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My top 3 stay-sane-and-healthy tips for modern living

One of the great advantages of being a professional swordsman in the 21st century is that nobody can reasonably expect you to be normal. As you might imagine, I engage in all sorts of odd behaviour, in the name of good physical and mental health, above and beyond simply swinging swords around in a historical and martial manner. Of course I do meditation and breathing exercises, nothing unusual there. And all sorts of physical jerks, push-ups and whatnot. That’s not odd, really: million of people do those. But these three habits are the ones that our current culture is most skewed against, and so by that standard count as weird.

My top three bizarro practices, from a 21st century perspective, are:

1) Avoid sugar.

Reading up on the effects of refined sugar has lead me to believe that after smoking, our addiction to the sugar high is probably the worst thing we do to ourselves. Why is it that we can control and tax alcohol and tobacco as legal luxury drugs, and not do the same to sugar?* Since cutting the sugar high out of my daily routine and relegating it to occasional treat status, I have tightened my belt by two notches, and most importantly, have stopped crashing in the afternoons. It used to be such that when teaching all day, I would have to dose up on sugar in mid-afternoon to function. Now that does not happen; nor do I need a sugar fix to teach in the evenings. We just got through the week-long Fiore Extravaganza, the most exhausting seminar of the year, and I went from start to finish without ever getting seriously physically tired. That’s absence of sugar for you. It was my one most serious cause of chronic fatigue. And it’s in everything! Read the labels on your food; maltodextrin is one of the very few chemicals with a higher glycaemic index than glucose; high fructose corn syrup does not belong in the human body at all; sucrose, dextrose anything with -ose on the end, it’s all poisonous shit.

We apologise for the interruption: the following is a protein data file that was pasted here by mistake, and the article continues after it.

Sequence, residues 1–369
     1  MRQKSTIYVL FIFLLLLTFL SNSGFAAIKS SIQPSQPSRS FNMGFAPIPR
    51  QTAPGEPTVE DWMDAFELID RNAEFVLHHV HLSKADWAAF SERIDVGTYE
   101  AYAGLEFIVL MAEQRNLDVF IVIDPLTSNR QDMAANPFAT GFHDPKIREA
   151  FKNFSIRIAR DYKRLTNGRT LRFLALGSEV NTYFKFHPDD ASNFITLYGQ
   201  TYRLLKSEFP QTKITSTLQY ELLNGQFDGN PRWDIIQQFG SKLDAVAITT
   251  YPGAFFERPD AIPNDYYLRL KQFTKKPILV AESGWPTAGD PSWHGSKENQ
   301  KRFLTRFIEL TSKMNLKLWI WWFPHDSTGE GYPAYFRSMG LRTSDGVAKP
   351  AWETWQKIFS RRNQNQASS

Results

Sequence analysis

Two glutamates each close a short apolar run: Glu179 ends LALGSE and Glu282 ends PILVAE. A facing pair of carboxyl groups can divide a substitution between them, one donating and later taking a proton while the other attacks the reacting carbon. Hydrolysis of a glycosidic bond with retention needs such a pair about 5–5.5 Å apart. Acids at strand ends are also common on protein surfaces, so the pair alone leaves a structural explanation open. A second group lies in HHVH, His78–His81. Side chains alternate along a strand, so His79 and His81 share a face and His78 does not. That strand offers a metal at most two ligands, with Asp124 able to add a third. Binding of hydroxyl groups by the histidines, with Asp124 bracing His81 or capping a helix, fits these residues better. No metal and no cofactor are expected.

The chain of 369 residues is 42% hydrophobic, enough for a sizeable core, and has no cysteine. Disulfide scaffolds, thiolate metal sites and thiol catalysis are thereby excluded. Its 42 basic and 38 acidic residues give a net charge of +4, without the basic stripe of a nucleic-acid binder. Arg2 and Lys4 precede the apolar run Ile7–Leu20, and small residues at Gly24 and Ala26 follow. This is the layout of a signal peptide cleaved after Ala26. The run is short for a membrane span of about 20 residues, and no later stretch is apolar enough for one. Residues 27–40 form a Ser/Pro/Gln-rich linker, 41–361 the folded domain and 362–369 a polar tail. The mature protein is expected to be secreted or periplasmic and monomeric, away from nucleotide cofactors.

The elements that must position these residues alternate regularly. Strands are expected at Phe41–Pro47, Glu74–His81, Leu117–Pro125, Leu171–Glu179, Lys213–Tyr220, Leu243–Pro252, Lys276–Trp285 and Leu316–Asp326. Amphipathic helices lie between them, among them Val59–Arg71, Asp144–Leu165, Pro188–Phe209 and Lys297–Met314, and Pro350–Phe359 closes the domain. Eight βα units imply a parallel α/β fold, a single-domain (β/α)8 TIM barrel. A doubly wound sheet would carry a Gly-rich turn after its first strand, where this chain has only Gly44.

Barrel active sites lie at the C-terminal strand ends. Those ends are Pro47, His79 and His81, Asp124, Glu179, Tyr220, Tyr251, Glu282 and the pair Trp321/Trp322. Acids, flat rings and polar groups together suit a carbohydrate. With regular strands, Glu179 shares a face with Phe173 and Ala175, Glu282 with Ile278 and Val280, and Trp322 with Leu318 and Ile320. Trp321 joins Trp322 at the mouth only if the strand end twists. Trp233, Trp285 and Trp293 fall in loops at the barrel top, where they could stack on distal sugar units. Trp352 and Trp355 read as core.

And starch is sugar too, sort of.

About 5 years ago I found out that I am allergic to wheat, which lead me to naturally cut out a lot of starch; (until I found all these excellent wheat free breads, beers, pastas etc.). It is very hard to eliminate wheat from the modern diet; our entire economy has been based on wheat for three thousand years or so (much like the USA’s is based on corn). Simply cutting wheat did wonders for me, if not for the ease with which I can find food I can eat. Cutting out all other starch sources (pasta, rice, potatoes etc.) has also been hugely helpful; I don’t avoid them the way I have to with wheat, I just don’t eat them that often; about once a week or so. Starch breaks down very quickly into glucose, and thus behaves much like ordinary sugar. I eat enormous amounts of proper vegetables instead, usually fried in olive oil and garlic, often with bacon…

Recommended reading: Gary Taubes; also Tim Ferriss on the Slow Carb Diet.

2) Squat.

Squatting on a rock. Note, not actually having a crap.
Squatting on a rock. Note, not actually having a crap.

Really it’s astonishing when you think about it; about half of all my beginners cannot squat on their haunches. In other words, can’t take a dump properly. For millennia, mankind have crapped in the woods and fields, and squatted down to do it. Now we enthrone ourselves in porcelain splendour, and grunt and strain to do what should be easy.

Squatting should be a natural rest position. The human body is built to stand, lie down, and squat. I often squat down to play with my kids, read a book, wait for a bus, whatever. Any time my legs or back are tired, I squat. People look at me funny. I don’t care. Chairs are a recent, very welcome and excellent in their place, invention; but healthy they ain’t. Inability to squat is a modern phenomenon, with hard-to-measure consequences. But I always find a bin or a block to prop my feet up on when having a crap; it puts my legs in a much more natural position. One of the advantages of having little kids is that  there are standing blocks in our bathroom anyway, so the kids can reach the tap; these do double duty as footstools in the bog.

Recommended reading: an amusing article in Slate magazine